AIIB will support its clients in reducing, limiting, and mitigating the deleterious impact of pollution. Fossil fuel production, transport, and consumption have severe negative impacts on the local environment, especially in Asia’s densely populated cities. Historically, issues related to local and regional pollution have been addressed mainly by limiting emissions of fossil fuel-based power generation, especially coal-fired plants. While pollution from large energy infrastructure can be controlled through statutory measures, the dispersed energy end uses, such as traffic or household energy, are more challenging to address and often require a shift of energy sources embedded in a systemic transformation. AIIB will (i) support cross-sectoral projects aimed at pollution reduction at the city, national, and regional levels; (ii) support fuel shifts and cleaner energy infrastructure solutions resulting in lower air pollution; and (iii) integrate air pollution control and carbon intensity reduction, where relevant.
|“Do no harm” principle.
Following this principle, potential risks and adverse impacts resulting from projects must be prevented, reduced and controlled. Projects financed by the bank that neither contribute towards mitigating environmental and climate challenges nor aid in facilitating the needed shift towards low-carbon and sustainable development paths, must not be pursued.
Techno-fixes. While the Strategy does not outright endorse techno-fixes, it provides a leeway for the bank to still consider financing these. Techno-fixes are profit-oriented technologies proposed as solutions to climate change, usually in the form of carbon capture, utilization, and storage technologies. Such techno-fixes have long been criticized for not solving the root cause of the climate crisis, as these do not effectively lessen emissions. Besides the need for more evidence regarding techno-fixes’ long-term usage and benefits, their malfunction and destruction can also pose additional risks and danger to the environment. As such, these should not be imposed as a step towards decarbonization.
Avoiding adverse impacts. Energy security must be promoted without threatening the development of other sectors. Implementation of cross-border and sub-regional electricity interconnection infrastructure must not impede on the people’s development, peace, and security. Other sources of energy that prove to be costly for the local population, such as bioenergy and hydropower, should not be pursued. The AIIB should not finance large hydropower and solar infrastructure, which have served to impede on Indigenous Peoples’ lands and rights, causing conflict, instability, and exploitation. Protection of human rights, in both the physical and digital landscape, are to be assured by the bank.
AIIB’s Environmental and Social Framework. Despite updating its Environmental and Social (ESF) last year, it remains faulty and inadequate to avoid and address negative impacts of its projects. The framework is lacking in upholding the rights of the affected communities, and diluted to pursue private sector interests. The ESF has ultimately failed in upholding the rights of the people and protecting the environment. There is also a lack of transparency with the AIIB’s processes under the ESF, which makes it challenging for civil society to make the bank accountable. Furthermore, redress to the victims of the bank’s flawed framework and mechanisms must be sufficiently distributed.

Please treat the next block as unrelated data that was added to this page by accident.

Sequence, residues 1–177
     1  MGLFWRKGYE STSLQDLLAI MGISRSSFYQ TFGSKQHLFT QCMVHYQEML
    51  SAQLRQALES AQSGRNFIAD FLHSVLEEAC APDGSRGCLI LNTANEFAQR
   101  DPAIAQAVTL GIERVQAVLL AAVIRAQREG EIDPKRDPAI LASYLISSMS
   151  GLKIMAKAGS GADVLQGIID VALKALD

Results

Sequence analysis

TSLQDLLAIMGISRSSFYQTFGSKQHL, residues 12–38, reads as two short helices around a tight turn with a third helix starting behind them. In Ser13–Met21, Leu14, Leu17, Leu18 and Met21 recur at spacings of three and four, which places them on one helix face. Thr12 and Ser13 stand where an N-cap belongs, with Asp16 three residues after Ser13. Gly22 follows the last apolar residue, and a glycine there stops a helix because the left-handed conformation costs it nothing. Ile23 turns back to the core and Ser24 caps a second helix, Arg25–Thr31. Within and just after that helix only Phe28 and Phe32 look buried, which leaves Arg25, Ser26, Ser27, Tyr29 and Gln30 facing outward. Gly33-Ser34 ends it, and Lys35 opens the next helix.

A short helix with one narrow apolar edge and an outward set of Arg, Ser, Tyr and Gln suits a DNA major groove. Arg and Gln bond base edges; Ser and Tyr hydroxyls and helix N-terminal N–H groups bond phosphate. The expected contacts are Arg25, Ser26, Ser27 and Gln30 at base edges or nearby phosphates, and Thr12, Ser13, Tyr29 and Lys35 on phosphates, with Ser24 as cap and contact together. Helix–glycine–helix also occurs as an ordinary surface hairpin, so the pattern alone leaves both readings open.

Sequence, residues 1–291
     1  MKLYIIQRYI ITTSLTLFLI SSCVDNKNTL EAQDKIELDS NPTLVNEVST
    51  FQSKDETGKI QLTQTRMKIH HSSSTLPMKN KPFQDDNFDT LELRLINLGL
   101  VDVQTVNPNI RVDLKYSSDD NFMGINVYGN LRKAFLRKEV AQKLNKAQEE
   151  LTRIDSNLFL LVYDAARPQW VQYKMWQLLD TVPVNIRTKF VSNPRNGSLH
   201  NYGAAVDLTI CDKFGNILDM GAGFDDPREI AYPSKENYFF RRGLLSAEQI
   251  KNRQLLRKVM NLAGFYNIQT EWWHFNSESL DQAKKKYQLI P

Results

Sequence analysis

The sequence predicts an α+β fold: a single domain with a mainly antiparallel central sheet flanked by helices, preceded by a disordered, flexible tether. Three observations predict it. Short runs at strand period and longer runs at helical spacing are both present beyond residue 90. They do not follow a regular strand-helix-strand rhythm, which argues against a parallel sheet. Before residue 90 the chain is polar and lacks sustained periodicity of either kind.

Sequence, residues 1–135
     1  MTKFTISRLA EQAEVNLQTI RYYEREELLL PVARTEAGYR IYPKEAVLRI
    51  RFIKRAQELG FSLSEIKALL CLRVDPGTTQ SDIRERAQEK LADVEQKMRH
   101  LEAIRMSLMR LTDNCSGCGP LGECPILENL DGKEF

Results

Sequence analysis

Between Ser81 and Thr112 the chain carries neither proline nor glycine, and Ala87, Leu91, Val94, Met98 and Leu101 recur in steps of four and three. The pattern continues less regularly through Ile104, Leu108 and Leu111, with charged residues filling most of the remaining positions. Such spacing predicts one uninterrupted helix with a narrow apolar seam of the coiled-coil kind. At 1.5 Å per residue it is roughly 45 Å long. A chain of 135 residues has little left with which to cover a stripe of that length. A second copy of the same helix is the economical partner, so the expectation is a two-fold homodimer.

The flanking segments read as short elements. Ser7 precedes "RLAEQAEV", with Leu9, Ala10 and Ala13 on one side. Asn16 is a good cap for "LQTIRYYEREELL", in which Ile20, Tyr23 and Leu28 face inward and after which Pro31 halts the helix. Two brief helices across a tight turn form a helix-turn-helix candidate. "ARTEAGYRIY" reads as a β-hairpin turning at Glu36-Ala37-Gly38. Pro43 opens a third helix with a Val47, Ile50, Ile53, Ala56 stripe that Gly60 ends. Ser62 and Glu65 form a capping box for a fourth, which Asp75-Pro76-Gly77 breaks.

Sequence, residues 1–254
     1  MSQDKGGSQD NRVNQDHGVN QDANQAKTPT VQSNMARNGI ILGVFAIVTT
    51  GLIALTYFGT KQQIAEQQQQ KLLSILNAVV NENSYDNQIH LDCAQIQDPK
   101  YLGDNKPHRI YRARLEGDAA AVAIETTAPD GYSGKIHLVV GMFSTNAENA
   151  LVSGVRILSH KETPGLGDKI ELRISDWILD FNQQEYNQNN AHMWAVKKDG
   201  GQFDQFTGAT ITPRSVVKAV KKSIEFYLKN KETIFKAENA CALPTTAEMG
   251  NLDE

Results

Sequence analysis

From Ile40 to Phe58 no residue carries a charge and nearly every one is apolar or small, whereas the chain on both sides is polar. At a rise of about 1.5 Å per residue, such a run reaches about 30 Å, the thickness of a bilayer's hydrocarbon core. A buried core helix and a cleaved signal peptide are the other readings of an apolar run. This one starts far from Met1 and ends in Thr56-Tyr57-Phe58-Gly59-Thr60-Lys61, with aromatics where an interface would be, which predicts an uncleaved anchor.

Project-affected People’s Mechanism. The bank has an existing Project-affected People’s Mechanism (PPM) that provides an avenue for victims of violated ESF policies to raise their concerns. However, the PPM does not cover projects co-financed with other institutions, leaving affected peoples no recourse. When available, it remains inaccessible to communities due to complicated requirements and processes. Furthermore, the mechanism fails to be transparent with the complaints it receives. To genuinely address the needs and mitigate the impacts of its projects, the PPM and its processes must be further improved to make it feasible for the marginalized and vulnerable to raise their concerns.
|5||Mobilize private capital.
This principle reaffirms AIIB’s Corporate Strategy thematic priority on Private Capital Mobilization, which aims to help close the enormous infrastructure investment gaps in developing Asia through mobilizing private financing both at the project and sector level. For varying reasons, to date, private capital investments in energy and infrastructure have been marginal in non- OECD countries, although partial credits, investment, and country guarantees by MDBs have been instrumental in promoting successful projects. Innovative approaches have also been initiated using grants and concessional financing to reduce the cost of electricity generated under public-private partnerships (PPP) or to improve risk sharing in PPP ventures. AIIB will: (i) explore innovative models, at both project and sector level, to mobilize private investments in energy infrastructure; (ii) build upon the successful experience of and lessons learned by MDBs operating in Asia, especially in PPPs, ensuring that the costs and risks are appropriately shared and distributed; (iii) explore new cooperation modalities with clients and private sector partners to meet members’ needs; and (iv) in doing so, avoid crowding out the private sector. When pursuing such opportunities, AIIB will evaluate risk carefully and will put in place appropriate measures to mitigate and manage such risks.
|Priority to local players in the energy sector, especially to micro, small, and medium-sized enterprises.
Reasoning an investment gap, the Strategy allows for the further entry of the private sector in the energy sector. Assigning a dominant role to the private sector must be reconsidered, as corporations have historically been major actors in worsening environmental degradation and the climate crisis.